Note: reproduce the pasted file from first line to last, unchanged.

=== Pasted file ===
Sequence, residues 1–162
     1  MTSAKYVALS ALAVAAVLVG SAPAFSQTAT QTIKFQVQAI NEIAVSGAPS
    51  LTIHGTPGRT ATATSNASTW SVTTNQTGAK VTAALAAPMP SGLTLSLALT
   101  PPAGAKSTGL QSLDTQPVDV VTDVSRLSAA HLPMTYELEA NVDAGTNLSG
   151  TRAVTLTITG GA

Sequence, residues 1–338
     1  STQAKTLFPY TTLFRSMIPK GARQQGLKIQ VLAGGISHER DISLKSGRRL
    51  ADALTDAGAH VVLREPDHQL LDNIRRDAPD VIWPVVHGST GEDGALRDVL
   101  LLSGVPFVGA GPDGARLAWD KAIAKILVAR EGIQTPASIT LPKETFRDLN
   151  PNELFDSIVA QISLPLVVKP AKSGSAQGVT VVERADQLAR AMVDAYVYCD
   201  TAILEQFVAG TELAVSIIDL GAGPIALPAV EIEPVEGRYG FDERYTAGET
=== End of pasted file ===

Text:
Sequence, residues 1–162
     1  MTSAKYVALS ALAVAAVLVG SAPAFSQTAT QTIKFQVQAI NEIAVSGAPS
    51  LTIHGTPGRT ATATSNASTW SVTTNQTGAK VTAALAAPMP SGLTLSLALT
   101  PPAGAKSTGL QSLDTQPVDV VTDVSRLSAA HLPMTYELEA NVDAGTNLSG
   151  TRAVTLTITG GA

Sequence, residues 1–338
     1  STQAKTLFPY TTLFRSMIPK GARQQGLKIQ VLAGGISHER DISLKSGRRL
    51  ADALTDAGAH VVLREPDHQL LDNIRRDAPD VIWPVVHGST GEDGALRDVL
   101  LLSGVPFVGA GPDGARLAWD KAIAKILVAR EGIQTPASIT LPKETFRDLN
   151  PNELFDSIVA QISLPLVVKP AKSGSAQGVT VVERADQLAR AMVDAYVYCD
   201  TAILEQFVAG TELAVSIIDL GAGPIALPAV EIEPVEGRYG FDERYTAGET